Punch the phrase "dividend stock bubble" into Google (GOOG) and 3.55 million results come back in less than three tenths of a second. Apparently, the notion of a dividend stock bubble has crossed more than a few minds. Some analysts and investors have even begun characterizing consumer staples, health care, telecommunications and utilities names as richly valued.
That may not be the case as new research from ETF issuer WisdomTree (WETF) points out.
"We believe that three of these four high-dividend sectors are in reality relatively cheaper than they have been on average over the past 20 or so years," WisdomTree Research Director Jeremy Schwartz wrote in the note. "Given that we are discussing relative prices of dividend-paying stocks, we believe the best metric to gauge whether they are cheap or expensive starts with the trailing 12-month dividend yield3, which measures the relationship of a stock's price to the level of its dividends paid over the prior 12 months, as opposed to the P/E ratio."
Amid a turbulent market environment in 2012, investors have flocked to ETFs tracking these sectors. Wednesday, the Consumer Staples Select Sector SPDR (XLP) and the Health Care Select Sector SPDR (XLV) are trading near all-time highs. Despite previous calls that utilities ETFs were looking expensive on a historical basis, the iShares Dow Jones Utilities Index Fund (IDU) and the Utilities Select Sector SPDR (XLU) are within spitting distance of new 52-week highs.
"The two sector indexes with the highest trailing 12-month dividend yield spreads in the U.S. equity markets today are Telecom and Utilities," Schwartz said. "As of August 31, 2012, Telecom had the highest spread of any sector index, valued at 2.70%, while Utilities had the second-highest spread, at 2.05%.We believe slower growth potential would be a very good reason why trailing 12-month dividend yield spreads are currently higher for Utilities and Telecom. Sectors characterized by higher growth potential have tended to exhibit lower trailing 12-month dividend yield spreads."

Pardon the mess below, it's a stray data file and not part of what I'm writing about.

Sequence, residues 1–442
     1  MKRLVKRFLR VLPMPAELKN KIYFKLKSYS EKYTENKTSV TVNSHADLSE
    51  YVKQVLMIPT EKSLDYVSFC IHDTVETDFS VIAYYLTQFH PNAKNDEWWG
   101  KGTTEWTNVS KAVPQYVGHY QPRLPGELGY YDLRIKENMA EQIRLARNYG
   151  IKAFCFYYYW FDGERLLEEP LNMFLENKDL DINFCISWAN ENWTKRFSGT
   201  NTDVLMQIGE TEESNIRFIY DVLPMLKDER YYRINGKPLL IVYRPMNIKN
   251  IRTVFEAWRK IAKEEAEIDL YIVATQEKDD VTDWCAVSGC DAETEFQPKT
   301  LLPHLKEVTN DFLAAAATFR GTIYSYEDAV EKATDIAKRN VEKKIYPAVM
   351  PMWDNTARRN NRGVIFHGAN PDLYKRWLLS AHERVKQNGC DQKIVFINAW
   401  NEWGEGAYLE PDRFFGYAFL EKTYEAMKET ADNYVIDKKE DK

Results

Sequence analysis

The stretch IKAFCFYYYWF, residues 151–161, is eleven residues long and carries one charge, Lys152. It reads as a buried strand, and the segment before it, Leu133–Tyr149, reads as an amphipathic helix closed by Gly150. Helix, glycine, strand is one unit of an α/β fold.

Schwartz notes that of the four aforementioned sectors, only utilities have a trailing 12-month yield that could make the group look expensive. IDU and XLU have trailing 12-month yields of 3.34 percent and 3.84 percent, respectively.
Over the 20-year period ending August 31, 2012, telecom names had an average trailing 12-month yield of 1.54 percent, but that spread has grown to 2.7 percent, implying the sector is attractive, according to WisdomTree. Over the same period, the staples group sported an average trailing 12-month yield that was only 0.32 percent better than the S&P 500's. As of August 31, 2012, these stocks have a trailing 12-month dividend yield spread that is at .68%again, signaling a relatively lower valuation than the sector's historical average, WisdomTree said.
One option for investors looking to get decent exposure to all four sectors is the WisdomTree Equity Income Fund (DHS). In order, health care, staples, telecom and utilities are the top four sectors weights in the WisdomTree Equity Income Fund, combing for about 65 percent of the fund's weight. DHS, which has $572.1 million in assets under management, has a 30-day SEC yield of 3.86 percent.
Another ETF with ample exposure to all four sectors is the WisdomTree Dividend ex-Financials Fund (DTN). Utilities and staples each receive weights of 12.8 percent in DTN. Telecom garners a weight of 11.3 in DTN while health care accounts for almost 11 percent of the fund's weight. The $1.2 billion ETF has a 30-day SEC yield of 3.77 percent.
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